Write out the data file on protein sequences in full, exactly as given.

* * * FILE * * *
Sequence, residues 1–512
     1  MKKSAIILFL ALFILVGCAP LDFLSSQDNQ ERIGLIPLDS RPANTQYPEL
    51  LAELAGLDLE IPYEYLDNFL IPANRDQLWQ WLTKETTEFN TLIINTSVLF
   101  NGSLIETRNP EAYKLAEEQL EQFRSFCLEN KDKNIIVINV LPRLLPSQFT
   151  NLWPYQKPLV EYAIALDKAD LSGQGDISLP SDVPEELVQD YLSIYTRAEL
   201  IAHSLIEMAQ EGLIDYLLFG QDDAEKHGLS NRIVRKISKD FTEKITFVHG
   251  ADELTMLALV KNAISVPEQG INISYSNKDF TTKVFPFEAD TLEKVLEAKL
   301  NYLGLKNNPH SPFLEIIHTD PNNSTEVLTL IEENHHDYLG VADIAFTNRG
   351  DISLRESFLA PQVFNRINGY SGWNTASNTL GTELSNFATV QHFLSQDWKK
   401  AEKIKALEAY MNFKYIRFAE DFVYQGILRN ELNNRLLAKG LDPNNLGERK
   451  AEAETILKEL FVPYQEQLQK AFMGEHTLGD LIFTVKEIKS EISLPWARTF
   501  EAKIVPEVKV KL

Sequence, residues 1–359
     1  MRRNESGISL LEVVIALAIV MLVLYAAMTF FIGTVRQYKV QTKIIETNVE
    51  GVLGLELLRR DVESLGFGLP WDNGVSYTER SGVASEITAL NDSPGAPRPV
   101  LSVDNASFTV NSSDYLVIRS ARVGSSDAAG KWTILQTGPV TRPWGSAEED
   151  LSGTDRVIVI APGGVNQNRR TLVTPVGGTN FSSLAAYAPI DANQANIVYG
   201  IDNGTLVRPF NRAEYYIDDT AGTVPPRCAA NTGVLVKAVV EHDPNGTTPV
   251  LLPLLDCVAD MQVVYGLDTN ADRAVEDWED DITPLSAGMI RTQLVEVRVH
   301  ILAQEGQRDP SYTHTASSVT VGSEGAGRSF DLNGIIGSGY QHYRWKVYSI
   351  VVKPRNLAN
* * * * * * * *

Sequence, residues 1–512
     1  MKKSAIILFL ALFILVGCAP LDFLSSQDNQ ERIGLIPLDS RPANTQYPEL
    51  LAELAGLDLE IPYEYLDNFL IPANRDQLWQ WLTKETTEFN TLIINTSVLF
   101  NGSLIETRNP EAYKLAEEQL EQFRSFCLEN KDKNIIVINV LPRLLPSQFT
   151  NLWPYQKPLV EYAIALDKAD LSGQGDISLP SDVPEELVQD YLSIYTRAEL
   201  IAHSLIEMAQ EGLIDYLLFG QDDAEKHGLS NRIVRKISKD FTEKITFVHG
   251  ADELTMLALV KNAISVPEQG INISYSNKDF TTKVFPFEAD TLEKVLEAKL
   301  NYLGLKNNPH SPFLEIIHTD PNNSTEVLTL IEENHHDYLG VADIAFTNRG
   351  DISLRESFLA PQVFNRINGY SGWNTASNTL GTELSNFATV QHFLSQDWKK
   401  AEKIKALEAY MNFKYIRFAE DFVYQGILRN ELNNRLLAKG LDPNNLGERK
   451  AEAETILKEL FVPYQEQLQK AFMGEHTLGD LIFTVKEIKS EISLPWARTF
   501  EAKIVPEVKV KL

Sequence, residues 1–359
     1  MRRNESGISL LEVVIALAIV MLVLYAAMTF FIGTVRQYKV QTKIIETNVE
    51  GVLGLELLRR DVESLGFGLP WDNGVSYTER SGVASEITAL NDSPGAPRPV
   101  LSVDNASFTV NSSDYLVIRS ARVGSSDAAG KWTILQTGPV TRPWGSAEED
   151  LSGTDRVIVI APGGVNQNRR TLVTPVGGTN FSSLAAYAPI DANQANIVYG
   201  IDNGTLVRPF NRAEYYIDDT AGTVPPRCAA NTGVLVKAVV EHDPNGTTPV
   251  LLPLLDCVAD MQVVYGLDTN ADRAVEDWED DITPLSAGMI RTQLVEVRVH
   301  ILAQEGQRDP SYTHTASSVT VGSEGAGRSF DLNGIIGSGY QHYRWKVYSI
   351  VVKPRNLAN